FOLLOWUP: Narrower focus for SW Holden Natural Drainage Systems project

As previewed here, a team from Seattle Public Utilities was out at 17th/Holden this afternoon, talking to people in the neighborhood about the SW Holden Natural Drainage Systems project. It’s intended to be both a stormwater-filtering project and also a traffic-calming plan, as the city considers that stretch of Holden wider than it should be for a “neighborhood street.” Dropping in to see what’s new as the plan reaches 30 percent design, we learned they’re now just focusing on the south side of Holden:

That’s for two reasons, the project team said – one, the stormwater from the north side already goes into a system that takes it to the treatment plant, while the south side goes toward Longfellow Creek, so the “natural drainage system” filtering will carry an environmental benefit. Second, the Seattle Fire Department – which has Station 11 just a block away, at 16th/Holden – voiced concerns about narrowing the street too much and making it unusable as a main response route. So at the 17th/Holden intersection, the road will be narrowed to 25 feet from the current 36 feet. Some parking will be lost on the south side, while it’ll be retained on the north side. They’ll also be adding ramps for crossing at 17th/Holden as well as 16th/Holden.

We asked about the ex-substation parcel on the southwest corner of 16th/Holden; the curbcut there will be removed as part of the project, which would have to happen even if/when the site is redeveloped, because the entry would have to be off the alley on its west side.

The plan also will drain more water from the southeast side of the 16th/Holden intersection than originally envisioned, sending it to the “natural drainage” via two “inlets.”

All this is currently under review by SDOT, according to the project team; once that department gives its approval, they’ll move on to the 60 percent design phase, which also will require review and approval. Construction is tentatively expected to start sometime nect year.

12 Replies to "FOLLOWUP: Narrower focus for SW Holden Natural Drainage Systems project"

  • mem March 29, 2023 (7:31 am)

    Funny- city now deems that “section” of Holden  a neighborhood street when a few short months ago it carried the bulk of the traffic off the peninsula? Just because the bridge reopened does not mean that people don’t use that access point out of West Seattle. I’m tired of the city waving its magic wand and deciding one thing when reality and facts show a completely different picture. Holden IS NOT AND HAS NEVER BEEN “a neighborhood street”. God forbid the bridge breaks down again and we’re stuck with this configuration. The fire department has questioned the logic of this plan. Let’s start having a realistic traffic pattern that lets people get where they need to go  throughout West Seattle  and beyond.

    • WSB March 29, 2023 (10:23 am)

      To be clear, this is Holden WEST of 16th only.

    • DC March 29, 2023 (11:14 am)

      There will still be two lanes AND parking on one side. This will not prevent anyone from driving the speed limit on this small stretch. It will better protect pedestrians and prevent excessive speeds and dangerous passing. Which would be even more important should the bridge breakdown again.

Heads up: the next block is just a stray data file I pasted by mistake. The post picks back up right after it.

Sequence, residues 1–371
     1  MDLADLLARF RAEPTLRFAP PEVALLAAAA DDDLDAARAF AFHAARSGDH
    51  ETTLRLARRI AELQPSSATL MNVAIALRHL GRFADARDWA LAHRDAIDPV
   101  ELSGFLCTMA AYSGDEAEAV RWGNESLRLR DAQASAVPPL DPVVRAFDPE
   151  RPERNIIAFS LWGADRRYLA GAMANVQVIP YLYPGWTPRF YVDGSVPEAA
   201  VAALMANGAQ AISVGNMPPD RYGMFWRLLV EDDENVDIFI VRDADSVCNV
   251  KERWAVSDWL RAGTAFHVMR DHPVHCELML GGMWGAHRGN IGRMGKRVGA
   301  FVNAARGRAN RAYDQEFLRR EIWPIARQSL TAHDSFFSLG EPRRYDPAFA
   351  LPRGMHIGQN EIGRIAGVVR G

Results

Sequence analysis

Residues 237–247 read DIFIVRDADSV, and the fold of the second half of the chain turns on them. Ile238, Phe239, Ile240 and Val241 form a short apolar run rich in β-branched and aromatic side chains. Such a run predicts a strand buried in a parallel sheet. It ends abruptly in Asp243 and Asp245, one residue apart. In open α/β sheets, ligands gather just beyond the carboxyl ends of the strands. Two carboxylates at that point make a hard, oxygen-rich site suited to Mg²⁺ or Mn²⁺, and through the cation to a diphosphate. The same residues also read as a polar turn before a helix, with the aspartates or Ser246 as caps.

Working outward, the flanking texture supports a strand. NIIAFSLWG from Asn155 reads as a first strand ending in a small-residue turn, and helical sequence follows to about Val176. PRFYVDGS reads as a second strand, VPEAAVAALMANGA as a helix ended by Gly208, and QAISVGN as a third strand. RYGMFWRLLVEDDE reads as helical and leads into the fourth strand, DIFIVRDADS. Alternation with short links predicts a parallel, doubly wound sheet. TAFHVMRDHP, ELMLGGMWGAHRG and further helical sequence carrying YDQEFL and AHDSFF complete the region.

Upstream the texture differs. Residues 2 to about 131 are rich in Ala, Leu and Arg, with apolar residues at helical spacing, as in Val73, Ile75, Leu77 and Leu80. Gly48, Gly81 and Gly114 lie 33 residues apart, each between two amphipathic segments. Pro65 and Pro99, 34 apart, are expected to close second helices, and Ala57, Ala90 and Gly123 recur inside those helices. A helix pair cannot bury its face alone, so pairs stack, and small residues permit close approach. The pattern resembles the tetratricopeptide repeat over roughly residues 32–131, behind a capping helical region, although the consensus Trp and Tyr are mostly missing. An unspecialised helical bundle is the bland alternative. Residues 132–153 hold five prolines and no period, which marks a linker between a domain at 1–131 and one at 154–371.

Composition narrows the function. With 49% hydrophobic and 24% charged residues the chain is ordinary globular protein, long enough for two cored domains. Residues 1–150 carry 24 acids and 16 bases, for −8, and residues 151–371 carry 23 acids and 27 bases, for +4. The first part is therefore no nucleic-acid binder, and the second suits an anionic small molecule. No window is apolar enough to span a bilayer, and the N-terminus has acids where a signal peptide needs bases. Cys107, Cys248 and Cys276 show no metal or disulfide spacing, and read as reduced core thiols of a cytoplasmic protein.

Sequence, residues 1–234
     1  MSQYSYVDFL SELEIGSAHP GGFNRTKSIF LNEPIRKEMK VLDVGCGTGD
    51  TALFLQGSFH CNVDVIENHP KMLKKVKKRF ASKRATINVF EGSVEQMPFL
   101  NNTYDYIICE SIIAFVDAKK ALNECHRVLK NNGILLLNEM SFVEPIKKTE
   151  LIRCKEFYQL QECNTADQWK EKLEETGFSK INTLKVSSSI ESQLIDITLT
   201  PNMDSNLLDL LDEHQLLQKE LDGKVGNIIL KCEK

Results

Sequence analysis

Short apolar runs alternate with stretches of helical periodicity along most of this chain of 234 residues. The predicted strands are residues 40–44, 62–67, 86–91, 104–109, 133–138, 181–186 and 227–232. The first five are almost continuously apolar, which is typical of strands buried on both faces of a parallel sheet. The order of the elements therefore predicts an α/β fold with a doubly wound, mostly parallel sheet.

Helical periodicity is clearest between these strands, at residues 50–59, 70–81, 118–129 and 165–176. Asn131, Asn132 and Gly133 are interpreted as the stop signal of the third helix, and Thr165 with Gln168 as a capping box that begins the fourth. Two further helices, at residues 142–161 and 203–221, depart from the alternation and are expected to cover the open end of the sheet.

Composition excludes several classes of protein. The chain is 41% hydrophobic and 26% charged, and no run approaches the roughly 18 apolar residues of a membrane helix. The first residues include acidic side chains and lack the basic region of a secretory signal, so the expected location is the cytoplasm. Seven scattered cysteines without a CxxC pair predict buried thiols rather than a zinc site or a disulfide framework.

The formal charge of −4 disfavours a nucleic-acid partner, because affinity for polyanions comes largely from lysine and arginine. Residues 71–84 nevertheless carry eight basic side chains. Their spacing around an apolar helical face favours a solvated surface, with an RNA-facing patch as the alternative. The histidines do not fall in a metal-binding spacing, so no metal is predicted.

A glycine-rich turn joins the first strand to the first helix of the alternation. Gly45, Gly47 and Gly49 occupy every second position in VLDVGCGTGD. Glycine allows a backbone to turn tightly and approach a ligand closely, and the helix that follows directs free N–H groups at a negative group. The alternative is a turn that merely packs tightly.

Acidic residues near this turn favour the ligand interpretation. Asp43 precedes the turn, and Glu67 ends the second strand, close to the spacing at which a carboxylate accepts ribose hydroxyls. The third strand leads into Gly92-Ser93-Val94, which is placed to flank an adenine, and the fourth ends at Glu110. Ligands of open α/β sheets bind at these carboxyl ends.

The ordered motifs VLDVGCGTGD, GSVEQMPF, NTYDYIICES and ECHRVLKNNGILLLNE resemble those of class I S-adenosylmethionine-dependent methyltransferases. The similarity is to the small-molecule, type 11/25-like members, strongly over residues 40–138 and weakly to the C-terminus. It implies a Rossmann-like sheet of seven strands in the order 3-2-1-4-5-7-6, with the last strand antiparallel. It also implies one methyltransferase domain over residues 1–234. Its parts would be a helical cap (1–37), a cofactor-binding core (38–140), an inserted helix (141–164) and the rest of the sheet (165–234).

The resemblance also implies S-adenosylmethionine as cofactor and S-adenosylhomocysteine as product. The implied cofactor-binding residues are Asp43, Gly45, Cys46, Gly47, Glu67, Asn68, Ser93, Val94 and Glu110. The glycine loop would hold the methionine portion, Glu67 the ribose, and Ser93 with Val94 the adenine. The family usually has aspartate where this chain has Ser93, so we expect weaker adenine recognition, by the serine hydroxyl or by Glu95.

• dooh March 29, 2023 (9:31 am)

    How about some turn signals going East and West ?

  • Mark Schletty March 29, 2023 (9:46 am)

    Narrowing Holden? That is a major access/egress route for West Seattle, not a little neighborhood street. SDOT is nuts. 

    • KM March 29, 2023 (1:51 pm)

      It’s mostly residential California to HPW, and this stretch in particular is 20 mph.

    • Auntie March 29, 2023 (8:10 pm)

      The Delridge to 16th stretch of Holden (via 20th & 21st with a hairpin turn) was little used until the bridge broke. Then people started using it as a “shortcut” to avoid all the traffic on Orchard/Dumar.  Hopefully, it has returned to being a lesser used residential street again. 

  • DC March 29, 2023 (10:14 am)

    Looks great! And it is nice to have some insight into their analysis of the drainage in the area. Wish they didn’t have to jump through so many hoops to do something they have done repeatedly throughout the city. 

  • Kyle March 29, 2023 (10:24 am)

    The current design will have everyone line up in one line, with no protected left turn signal at the intersection. Will likely lead to backups during rush hour if there is a left turning car, which will encourage folks to cut through the neighborhood around the light. If we are going to design it better, we should leave pavement space for a left turn pocket, or adjust the signal to allow protected time for left turning vehicles at the expense of traffic throughput form the other direction.

    • DC March 29, 2023 (12:11 pm)

      Seems like they could keep the same design and have a left turn pocket by striping it so west going traffic travels along the curb for a few yards. Might get rid of a few more parking spots, but that seems fine. 

      • Kyle March 29, 2023 (12:45 pm)

        I’d agree, that would be the ideal configuration in my opinion.

  • Busrider March 29, 2023 (7:40 pm)

    Seems odd to not try and capture the rainwater that goes into combined sewer since there are combined sewer overflows into the duwamish. Historically prior to development did this area go to Longfellow ?

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